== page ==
Are Nursing Homes Guardians of the Elderly?
A law was passed in 1993 to allow nursing homes to seek guardianship of elderly residents as a means to collect on debt accrued in providing care to the individual in question. The law was intended to address the lack of guardianship when it arose in cases where a resident became incapacitated and without a responsible family member or appointed representative to make financial decisions on their behalf. These types of situations can make it difficult for care facilities to get paid for the services they provide to care for the patient.
Under the law, the patient may consent to having the nursing home appointed to act as their guardian. However, it is not uncommon that the home initiates the court proceedings to be named guardian after the patient is too disabled to make the call.
In practice, the law allows nursing homes to facilitate the arrangements necessary for the patient’s private health insurance or pubic Medicaid benefits to pay for their care. When a patient is unable to make those arrangements for themselves, the nursing home is unable to provide services without suing the estate—a lengthy and costly process—or discharging the patient. The law was intended to address the problem.
Exploitation of the Law
Unfortunately, cases have come to light in which the legitimate business concerns that led to the law have been twisted and abused by some nursing home administrators who manipulate the system for the gain of the facility without proper regard for the individual resident whose care they assumed.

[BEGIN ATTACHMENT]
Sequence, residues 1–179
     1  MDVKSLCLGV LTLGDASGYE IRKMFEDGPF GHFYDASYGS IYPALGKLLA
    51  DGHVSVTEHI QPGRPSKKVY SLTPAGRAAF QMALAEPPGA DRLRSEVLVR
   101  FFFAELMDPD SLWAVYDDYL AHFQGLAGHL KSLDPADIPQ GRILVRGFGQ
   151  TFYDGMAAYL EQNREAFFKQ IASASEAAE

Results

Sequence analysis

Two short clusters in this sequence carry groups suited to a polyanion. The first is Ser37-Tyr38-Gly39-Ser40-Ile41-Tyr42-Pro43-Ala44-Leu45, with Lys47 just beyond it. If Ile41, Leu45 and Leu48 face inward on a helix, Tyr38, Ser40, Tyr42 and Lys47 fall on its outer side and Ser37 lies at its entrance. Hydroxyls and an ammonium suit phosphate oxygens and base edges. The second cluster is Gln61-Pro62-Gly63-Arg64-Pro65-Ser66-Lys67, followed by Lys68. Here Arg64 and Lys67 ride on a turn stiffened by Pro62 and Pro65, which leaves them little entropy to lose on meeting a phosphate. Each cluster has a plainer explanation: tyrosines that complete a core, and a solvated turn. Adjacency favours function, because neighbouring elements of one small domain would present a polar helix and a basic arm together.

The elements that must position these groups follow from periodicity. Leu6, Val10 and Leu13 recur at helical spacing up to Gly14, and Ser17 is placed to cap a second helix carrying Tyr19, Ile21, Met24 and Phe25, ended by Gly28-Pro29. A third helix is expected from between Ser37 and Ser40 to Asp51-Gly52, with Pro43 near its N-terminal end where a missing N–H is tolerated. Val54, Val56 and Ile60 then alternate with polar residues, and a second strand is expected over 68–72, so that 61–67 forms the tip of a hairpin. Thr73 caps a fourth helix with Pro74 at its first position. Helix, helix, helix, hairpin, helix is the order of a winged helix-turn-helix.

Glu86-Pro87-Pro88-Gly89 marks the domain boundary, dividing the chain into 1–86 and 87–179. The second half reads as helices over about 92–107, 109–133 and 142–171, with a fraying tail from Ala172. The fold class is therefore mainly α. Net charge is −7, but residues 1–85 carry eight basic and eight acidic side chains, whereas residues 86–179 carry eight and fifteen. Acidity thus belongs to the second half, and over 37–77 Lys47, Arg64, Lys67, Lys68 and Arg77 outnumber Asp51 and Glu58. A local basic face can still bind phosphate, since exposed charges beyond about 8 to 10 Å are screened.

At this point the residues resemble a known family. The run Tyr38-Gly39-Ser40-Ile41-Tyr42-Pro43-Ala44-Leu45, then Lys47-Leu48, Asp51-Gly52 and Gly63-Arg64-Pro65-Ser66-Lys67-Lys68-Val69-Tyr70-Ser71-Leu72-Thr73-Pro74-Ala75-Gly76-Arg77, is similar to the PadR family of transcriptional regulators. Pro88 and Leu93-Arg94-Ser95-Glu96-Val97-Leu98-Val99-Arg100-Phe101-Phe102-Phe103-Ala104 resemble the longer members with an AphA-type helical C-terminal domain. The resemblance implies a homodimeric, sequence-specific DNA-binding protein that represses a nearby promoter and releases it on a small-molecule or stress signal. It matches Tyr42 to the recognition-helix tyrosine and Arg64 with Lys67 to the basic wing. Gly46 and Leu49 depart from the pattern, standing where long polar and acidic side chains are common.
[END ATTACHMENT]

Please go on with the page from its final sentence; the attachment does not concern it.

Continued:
These predatory nursing home practices give a bad name to facilities that provide genuine and appropriate financial management that benefits their patients. They also serve as a warning to those planning a future involving a nursing home to appoint an appropriate guardian to oversee their finances should they become incapacitated and to ensure that they are not left unprotected from unscrupulous nursing home administrators.
In the most regrettable instances, it may become necessary for nursing home guardianship to be set up to supersede any end-of-life planning in place. Even a person who has taken steps to set up a will and appoint specific advocates may find that those thoughtful preparations are drowned out by a court order in favor of a nursing home’s pursuance of a guardianship arrangement.
It is understandable that a facility might have to pursue guardianship if an appointed representative is neglecting their responsibility to work out the financial arrangements to support the patient’s care. As the law sees it, the patient would suffer harm if the nursing home were forced to discharge them due to lack of payment. Therefore, the law provides the nursing home a way to secure payment by overriding the appointed representative’s oversight of the patient’s finances.
Brooklyn Guardianship Attorneys at Korsinsky & Klein, LLP Provide Services to Nursing Home Patients
When making nursing care decisions for yourself or a loved one, it may make sense for you to appoint a professional to serve as guardian in the event that one becomes necessary. Talk to the Brooklyn guardianship attorneys at Korsinsky & Klein, LLP to learn more about legal guardianship services that provide financial representation without the potential conflicts found in cases of nursing home guardianship. Call 212-495-8133 or use our online contact form to reach our offices. We have locations in Brooklyn, New York, and Lakewood, New Jersey. We provided services in Manhattan, Long Island, and Westchester, New York.